Support for LAist comes from
We Explain L.A.
Stay Connected

Share This


More Than Half Of LAUSD’s Charter Schools Received Paycheck Protection Program Loans

Parents at Arminta Street Elementary in the San Fernando Valley neighborhood of Sun Valley protest the proposed co-location of a charter school on their campus on March 1, 2017. (Kyle Stokes/LAist)
Before you
Dear reader, we're asking you to help us keep local news available for all. Your tax-deductible financial support keeps our stories free to read, instead of hidden behind paywalls. We believe when reliable local reporting is widely available, the entire community benefits. Thank you for investing in your neighborhood.

We’ve long known that Los Angeles charter schools were taking out loans through a now-$659 billion federal program aimed at helping small businesses stay afloat.

That struck teachers unions and other charter critics as odd because public school funding has continued to flow during the coronavirus pandemic.

But we haven’t had a good idea how common it is for charter schools — publicly-funded, tuition-free schools — in the L.A. Unified School District to receive loans from the Paycheck Protection Program, or PPP.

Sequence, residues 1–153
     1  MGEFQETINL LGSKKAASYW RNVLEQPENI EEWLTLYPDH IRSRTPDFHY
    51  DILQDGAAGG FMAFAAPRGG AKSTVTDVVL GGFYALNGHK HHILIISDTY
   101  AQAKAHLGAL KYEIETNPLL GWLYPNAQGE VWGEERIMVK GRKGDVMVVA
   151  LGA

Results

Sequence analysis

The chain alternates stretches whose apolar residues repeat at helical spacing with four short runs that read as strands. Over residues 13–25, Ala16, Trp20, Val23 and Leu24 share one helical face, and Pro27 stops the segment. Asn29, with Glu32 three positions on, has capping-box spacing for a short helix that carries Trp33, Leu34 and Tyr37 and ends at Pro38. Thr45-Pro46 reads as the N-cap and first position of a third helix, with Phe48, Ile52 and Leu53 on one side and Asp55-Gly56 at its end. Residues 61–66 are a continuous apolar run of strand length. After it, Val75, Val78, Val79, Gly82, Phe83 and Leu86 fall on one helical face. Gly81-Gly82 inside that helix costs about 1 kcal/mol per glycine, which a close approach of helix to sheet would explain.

At least, not until now. We dug through federal data and board documents and found PPP loans to charter schools are common:

  • So far, lenders have granted PPP loans to 50 different organizations that run charter schools in the L.A. Unified School District.
  • These 50 loan recipients collectively run more than half of the 224 charter schools in LAUSD.
  • In LAUSD, charter schools’ PPP loans total at least $73.6 million, but because the Small Business Administration doesn’t publish precise loan amounts, the total could be as high as $136.7 million.
  • In LAUSD, most PPP loans to charter schools are small enough that they’ll have less federal oversight — because they’re for less than $2 million.
Support for LAist comes from



Our news is free on LAist. To make sure you get our coverage: Sign up for our daily coronavirus newsletter. To support our nonprofit public service journalism: Donate now.